The Tenants Alliance of Glenn Gardens (TAGG) rallied again this Sunday and hopes that its collective voice will finally sway its landlord to offer compensation in what at least one resident is characterizing as the imposition of a “front door-back door” culture.
The community, or at least a very vocal part of it, has been at odds with its landlord, A&E Real Estate Holdings LLC, for the better part of the last year – though frustrations have mounted over time due to a building-wide renovation project that began in 2019.
Some tenants were reportedly miserable living in the building (at 175 West 87th Street on Amsterdam Avenue) and sent a list of demands to A&E. These demands included reimbursement for dust and noise mitigation expenses, cost-free and comparable living accommodations while windows and walls were being replaced, permission to terminate free-market leases without penalty, 30% rent abatements for “loss of warranted habitability,” replacement of kitchen cabinets and appliances and bathroom equipment in all LAP (Landlord Assisted Program) and voucher apartments, and a permanent community room.
While a TAGG leader tells us 70% of their demands have been met, “We are still fighting for that 30%: the compensation, upgrades and community room.”
Representatives of TAGG met with A&E last August to discuss the demands but ended up holding a rally after the two groups were unable to come to an agreement.
The current dispute centers around A&E’s plans to relocate the lobby-level laundry room to a reportedly smaller and windowless room in the basement next to a garbage room. Its ceilings are reportedly comprised of exposed wires and various pipes, and are low enough to be reached by anyone who measures up at just over 5’5,” according to the TAGG letter. Additionally, the space offers no seating, no tables, and no cash payment options.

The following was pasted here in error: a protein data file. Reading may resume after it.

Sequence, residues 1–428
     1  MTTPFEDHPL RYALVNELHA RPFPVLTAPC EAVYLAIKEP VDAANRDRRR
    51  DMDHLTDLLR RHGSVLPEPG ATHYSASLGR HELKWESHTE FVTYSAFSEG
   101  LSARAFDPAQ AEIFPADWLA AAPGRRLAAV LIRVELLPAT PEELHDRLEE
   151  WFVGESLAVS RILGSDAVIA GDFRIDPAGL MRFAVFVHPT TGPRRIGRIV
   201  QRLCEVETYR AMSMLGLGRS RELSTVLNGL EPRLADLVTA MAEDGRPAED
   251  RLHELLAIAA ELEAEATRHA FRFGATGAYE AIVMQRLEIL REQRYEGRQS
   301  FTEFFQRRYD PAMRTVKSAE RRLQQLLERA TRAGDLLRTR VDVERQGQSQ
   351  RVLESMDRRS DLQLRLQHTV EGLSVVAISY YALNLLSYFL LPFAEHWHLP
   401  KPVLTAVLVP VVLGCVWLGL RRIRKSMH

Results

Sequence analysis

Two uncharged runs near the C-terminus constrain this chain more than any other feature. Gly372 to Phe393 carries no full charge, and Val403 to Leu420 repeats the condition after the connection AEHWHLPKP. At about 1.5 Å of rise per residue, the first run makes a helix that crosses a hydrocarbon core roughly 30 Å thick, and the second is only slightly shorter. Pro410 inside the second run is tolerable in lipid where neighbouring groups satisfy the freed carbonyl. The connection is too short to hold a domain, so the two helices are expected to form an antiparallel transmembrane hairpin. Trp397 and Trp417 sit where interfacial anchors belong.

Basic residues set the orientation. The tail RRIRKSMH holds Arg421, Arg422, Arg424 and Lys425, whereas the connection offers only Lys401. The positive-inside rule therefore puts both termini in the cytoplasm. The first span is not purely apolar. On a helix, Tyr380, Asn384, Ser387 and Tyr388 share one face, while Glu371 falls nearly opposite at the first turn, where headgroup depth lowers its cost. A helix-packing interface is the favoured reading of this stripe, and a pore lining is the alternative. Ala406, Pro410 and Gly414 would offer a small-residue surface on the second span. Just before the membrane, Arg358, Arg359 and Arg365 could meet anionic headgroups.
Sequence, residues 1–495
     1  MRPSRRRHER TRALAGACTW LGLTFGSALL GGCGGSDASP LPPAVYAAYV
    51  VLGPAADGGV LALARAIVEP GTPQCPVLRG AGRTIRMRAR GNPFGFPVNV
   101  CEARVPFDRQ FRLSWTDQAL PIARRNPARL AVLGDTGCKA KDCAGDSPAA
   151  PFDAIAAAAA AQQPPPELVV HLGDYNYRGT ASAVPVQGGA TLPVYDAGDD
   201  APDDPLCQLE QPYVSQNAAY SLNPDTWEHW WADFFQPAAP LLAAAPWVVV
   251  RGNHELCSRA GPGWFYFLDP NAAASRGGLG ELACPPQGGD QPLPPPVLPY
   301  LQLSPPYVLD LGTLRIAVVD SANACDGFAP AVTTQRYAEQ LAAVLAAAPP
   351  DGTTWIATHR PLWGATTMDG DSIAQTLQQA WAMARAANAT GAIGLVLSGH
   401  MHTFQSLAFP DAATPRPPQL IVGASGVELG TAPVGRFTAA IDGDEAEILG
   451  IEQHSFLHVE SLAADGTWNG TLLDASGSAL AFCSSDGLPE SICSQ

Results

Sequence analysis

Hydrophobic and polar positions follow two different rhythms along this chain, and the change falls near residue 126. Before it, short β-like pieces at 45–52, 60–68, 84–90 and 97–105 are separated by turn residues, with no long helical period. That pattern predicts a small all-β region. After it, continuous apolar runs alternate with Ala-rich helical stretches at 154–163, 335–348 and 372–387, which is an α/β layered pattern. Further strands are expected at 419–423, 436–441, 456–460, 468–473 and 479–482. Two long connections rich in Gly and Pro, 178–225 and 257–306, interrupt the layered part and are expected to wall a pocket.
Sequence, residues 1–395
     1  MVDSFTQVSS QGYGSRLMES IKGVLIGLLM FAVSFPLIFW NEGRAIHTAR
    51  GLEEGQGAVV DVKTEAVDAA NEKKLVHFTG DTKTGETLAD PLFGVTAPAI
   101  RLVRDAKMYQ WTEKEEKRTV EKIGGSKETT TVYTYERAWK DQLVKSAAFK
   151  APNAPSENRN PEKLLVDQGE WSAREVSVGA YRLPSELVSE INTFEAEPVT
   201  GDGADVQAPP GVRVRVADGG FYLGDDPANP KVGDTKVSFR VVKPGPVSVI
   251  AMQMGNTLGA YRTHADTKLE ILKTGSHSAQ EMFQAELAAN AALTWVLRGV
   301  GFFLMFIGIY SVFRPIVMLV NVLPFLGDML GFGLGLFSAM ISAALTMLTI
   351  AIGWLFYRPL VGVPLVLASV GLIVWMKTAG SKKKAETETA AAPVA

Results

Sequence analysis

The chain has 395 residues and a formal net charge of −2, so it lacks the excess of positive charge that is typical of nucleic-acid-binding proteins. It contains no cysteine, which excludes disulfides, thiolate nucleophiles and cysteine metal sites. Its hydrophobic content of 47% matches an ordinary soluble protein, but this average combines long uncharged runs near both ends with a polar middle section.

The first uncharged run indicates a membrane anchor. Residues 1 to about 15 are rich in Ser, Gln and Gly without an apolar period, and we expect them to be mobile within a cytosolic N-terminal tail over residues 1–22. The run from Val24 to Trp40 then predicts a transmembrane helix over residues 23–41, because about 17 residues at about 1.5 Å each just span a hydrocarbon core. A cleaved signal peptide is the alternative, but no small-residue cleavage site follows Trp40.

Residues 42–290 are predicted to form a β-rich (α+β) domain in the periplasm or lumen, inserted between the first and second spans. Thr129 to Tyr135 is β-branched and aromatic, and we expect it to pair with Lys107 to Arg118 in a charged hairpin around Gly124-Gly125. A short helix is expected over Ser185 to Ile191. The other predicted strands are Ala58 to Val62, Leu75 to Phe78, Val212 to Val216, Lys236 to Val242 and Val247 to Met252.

Residents also raised safety and practicality concerns, particularly given that the new laundry room will be in a “very isolated area of the building.” This area connects to the exterior garage and to what has become a “field office” for the construction workers who continue to use this congested space to work on the renovations.
But A&E says the laundry room’s move to the basement, one that comes after 45 years, will benefit all the tenants. The current laundry room will be transformed into a gym/fitness center and will be free of charge to all residents. The organization also reported to ILTUWS that the new laundry room will have tables and seating, will accommodate more than three people, and that the exposed wiring will not be visible when the room opens later this month. A&E’s formal statement follows.
“Glenn Gardens went decades without major improvements or real investment. We know all this work is an inconvenience and can be disruptive at times, and everything from the weather to city permits can affect how quickly things progress. That’s why we’ve met frequently with residents at every stage to share updates and hear out concerns.